Vehicles with absolutely no way for the human inside to exert control are Google's ultimate aim, and that of many other companies. It is a noble and very understandable goal; after all, it's the only way to bring about the kind of transportation revolution that people wanting to build self-driving cars have envisioned from day one. Such vehicles are abundant in promise, but also quite scary for obvious reasons. It is for these reasons that some states either did not address self-driving cars in their laws at all, or simply banned testing of completely driver-free autonomous vehicles on public roads altogether. California was one of these states, leaving hometown hero Google gravely disappointed.
Thanks to recent federal intervention, and even direct advocacy by President Obama himself, federal guidelines for self-driving cars are finally in place. Though they can be overridden by state laws and still ban fully driverless cars on pubic roads, the new federal laws have given states some thinking to do, and given nearly free range to self-driving car makers in states that simply refuse to participate in the whole kerfluffle. It is against this backdrop that a new bill in California has made its way into law. This new bill allows completely autonomous cars to be tested on public roads, with some caveats. Namely, they cannot exceed 35 miles per hour, must be insured for $5 million, and can only strut their stuff in certain designated areas of the public right-of-way. Lastly, anybody riding inside one of these totally autonomous cars must be told in no uncertain terms any ways that their personal data may be used. Clearly meant to be a 'testing the waters' affair, this law will not allow the sort of personal transit revolution that self-driving cars were made for, but it is a step in the right direction, and others are bound to take notice.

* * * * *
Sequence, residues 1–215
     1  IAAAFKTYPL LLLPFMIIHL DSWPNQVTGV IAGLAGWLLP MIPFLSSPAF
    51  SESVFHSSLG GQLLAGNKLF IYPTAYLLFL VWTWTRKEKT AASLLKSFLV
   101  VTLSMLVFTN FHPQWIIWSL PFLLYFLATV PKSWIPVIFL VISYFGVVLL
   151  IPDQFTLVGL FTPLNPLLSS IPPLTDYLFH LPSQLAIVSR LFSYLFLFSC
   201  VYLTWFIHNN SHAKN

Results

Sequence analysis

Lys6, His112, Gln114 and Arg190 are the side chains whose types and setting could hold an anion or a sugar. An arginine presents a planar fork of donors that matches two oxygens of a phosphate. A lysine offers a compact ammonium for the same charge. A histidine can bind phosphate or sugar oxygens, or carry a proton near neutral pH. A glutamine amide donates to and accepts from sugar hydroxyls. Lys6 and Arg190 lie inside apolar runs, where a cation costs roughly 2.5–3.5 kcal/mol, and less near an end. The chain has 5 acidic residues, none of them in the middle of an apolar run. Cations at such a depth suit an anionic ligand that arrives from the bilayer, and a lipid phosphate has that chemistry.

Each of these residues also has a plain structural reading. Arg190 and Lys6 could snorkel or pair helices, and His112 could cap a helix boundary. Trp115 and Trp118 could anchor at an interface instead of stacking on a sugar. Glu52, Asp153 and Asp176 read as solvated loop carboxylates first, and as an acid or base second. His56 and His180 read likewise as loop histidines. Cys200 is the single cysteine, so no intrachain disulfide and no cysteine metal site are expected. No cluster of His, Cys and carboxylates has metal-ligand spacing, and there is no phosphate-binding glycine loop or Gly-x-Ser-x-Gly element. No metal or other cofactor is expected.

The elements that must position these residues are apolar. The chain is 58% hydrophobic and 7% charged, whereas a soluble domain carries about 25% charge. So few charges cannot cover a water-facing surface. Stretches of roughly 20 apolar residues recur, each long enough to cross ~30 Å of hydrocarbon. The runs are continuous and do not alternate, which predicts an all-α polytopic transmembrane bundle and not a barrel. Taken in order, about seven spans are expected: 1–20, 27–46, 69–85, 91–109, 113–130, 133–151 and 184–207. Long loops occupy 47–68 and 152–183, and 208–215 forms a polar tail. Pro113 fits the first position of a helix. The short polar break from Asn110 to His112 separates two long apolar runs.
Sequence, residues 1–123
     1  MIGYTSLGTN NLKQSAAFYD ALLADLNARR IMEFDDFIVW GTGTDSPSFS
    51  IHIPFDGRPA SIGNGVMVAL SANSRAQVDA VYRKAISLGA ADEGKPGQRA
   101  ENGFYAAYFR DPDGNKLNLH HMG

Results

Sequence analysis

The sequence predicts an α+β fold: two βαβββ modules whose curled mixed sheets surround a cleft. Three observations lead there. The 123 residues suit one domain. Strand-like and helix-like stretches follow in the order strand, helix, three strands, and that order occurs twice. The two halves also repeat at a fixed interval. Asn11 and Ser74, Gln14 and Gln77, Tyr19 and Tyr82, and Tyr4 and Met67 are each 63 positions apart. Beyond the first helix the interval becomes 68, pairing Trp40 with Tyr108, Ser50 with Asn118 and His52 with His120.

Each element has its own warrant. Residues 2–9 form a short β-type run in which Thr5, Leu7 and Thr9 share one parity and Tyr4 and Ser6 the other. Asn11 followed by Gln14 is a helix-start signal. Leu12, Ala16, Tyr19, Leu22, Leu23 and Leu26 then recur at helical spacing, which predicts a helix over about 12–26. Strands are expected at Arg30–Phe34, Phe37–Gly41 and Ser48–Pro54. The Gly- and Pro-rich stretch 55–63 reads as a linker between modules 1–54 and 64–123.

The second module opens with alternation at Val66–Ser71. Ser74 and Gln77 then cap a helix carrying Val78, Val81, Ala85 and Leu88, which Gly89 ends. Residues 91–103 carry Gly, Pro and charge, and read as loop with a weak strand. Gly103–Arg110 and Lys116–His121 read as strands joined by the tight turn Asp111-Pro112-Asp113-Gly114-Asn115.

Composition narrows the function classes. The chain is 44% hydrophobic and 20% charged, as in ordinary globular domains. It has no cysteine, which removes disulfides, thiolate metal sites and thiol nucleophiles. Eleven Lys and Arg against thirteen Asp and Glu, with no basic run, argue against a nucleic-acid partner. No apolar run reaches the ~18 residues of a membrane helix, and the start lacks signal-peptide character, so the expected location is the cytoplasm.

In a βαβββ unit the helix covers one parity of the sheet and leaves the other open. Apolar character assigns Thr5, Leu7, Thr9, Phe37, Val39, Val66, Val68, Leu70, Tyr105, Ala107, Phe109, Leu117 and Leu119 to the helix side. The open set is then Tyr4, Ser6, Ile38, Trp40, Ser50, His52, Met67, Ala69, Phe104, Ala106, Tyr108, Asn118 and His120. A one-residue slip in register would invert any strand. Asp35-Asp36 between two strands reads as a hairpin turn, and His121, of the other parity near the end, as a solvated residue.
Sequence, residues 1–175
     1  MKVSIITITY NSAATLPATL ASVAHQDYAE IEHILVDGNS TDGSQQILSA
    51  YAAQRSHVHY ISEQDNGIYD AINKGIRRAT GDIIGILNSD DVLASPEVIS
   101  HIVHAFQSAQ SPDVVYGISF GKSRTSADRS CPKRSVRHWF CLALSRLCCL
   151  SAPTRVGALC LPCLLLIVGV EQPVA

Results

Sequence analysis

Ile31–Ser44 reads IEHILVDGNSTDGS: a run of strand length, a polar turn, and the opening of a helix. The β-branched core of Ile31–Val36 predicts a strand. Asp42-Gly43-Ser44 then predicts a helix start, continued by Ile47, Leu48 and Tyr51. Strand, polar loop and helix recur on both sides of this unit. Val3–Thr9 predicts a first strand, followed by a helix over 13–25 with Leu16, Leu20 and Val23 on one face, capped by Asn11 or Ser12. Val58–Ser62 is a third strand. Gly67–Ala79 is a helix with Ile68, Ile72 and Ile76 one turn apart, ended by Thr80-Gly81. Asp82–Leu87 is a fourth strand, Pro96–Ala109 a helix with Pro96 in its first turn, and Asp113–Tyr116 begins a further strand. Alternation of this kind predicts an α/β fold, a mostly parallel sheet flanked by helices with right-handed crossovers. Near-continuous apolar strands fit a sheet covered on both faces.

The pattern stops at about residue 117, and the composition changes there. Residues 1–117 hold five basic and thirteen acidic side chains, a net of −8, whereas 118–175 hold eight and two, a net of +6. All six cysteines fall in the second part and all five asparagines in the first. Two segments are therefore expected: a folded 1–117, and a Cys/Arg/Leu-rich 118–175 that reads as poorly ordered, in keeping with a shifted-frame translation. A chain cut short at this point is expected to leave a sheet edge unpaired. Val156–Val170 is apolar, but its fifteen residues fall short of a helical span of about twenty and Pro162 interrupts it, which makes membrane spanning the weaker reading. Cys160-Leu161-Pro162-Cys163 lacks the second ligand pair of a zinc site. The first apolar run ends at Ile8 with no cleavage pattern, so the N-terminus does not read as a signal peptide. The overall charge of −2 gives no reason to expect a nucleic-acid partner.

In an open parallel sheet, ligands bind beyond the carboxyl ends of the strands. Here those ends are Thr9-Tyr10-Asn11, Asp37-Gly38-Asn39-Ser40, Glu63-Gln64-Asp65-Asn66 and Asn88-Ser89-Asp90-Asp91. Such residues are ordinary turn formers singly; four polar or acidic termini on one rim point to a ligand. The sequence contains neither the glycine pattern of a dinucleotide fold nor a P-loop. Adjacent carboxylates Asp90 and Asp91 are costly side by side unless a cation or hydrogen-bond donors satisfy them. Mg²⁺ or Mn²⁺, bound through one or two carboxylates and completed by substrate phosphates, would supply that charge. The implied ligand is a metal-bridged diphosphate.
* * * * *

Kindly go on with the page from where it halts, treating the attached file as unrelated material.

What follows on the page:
States and tech companies alike are bound to see this as a sign of things to come, and not only likely hop on board, but perhaps ape California's approach. Allowing innovation while keeping strict control is likely viewed as a best possible outcome by most governing bodies caught up in the rise of the self-driving car. A bit more significant, however, are the implications for the tech world. Silicon Valley hosts a huge portion of the modern tech industry, and the entire area is in a market practically made for tech companies and startups. This makes setting up operations in California attractive already, and some developers of self-driving cars besides Google, such as Baidu, have already done so. This new law, however, essentially makes it open season on testing fully self-driving cars, a condition that's not entirely easy to find in such otherwise already attractive areas of the States.
Since Federal guidelines indicate that completely driverless cars still aren't allowed on public roads, this means that states that previously banned the practice or allowed it in a very limited capacity will be watching how events unfold in California very, very closely; in essence, what's going on in California is an experiment, and if it is successful, fully autonomous cars that neither need nor accept human input from inside the cab could start testing nationwide, and if those tests are successful, could end up on just about all public roads. A number of big names in tech and auto have been saying for some time now that by 2020, robots will, without exception, drive better than humans, and our public roadways will be that much safer by virtue of their presence eliminating a number of human drivers. This also means that those who otherwise could not drive will suddenly have cheap, if not free, access to personal transport 24/7. This is the transportation revolution, and California just took the first step toward it.